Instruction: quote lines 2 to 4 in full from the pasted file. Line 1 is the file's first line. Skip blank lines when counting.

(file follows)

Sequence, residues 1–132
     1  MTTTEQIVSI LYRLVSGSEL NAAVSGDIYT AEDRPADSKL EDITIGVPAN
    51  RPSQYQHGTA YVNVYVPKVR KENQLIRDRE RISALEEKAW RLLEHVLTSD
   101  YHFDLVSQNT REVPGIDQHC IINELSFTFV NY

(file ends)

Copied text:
     1  MTTTEQIVSI LYRLVSGSEL NAAVSGDIYT AEDRPADSKL EDITIGVPAN
    51  RPSQYQHGTA YVNVYVPKVR KENQLIRDRE RISALEEKAW RLLEHVLTSD
   101  YHFDLVSQNT REVPGIDQHC IINELSFTFV NY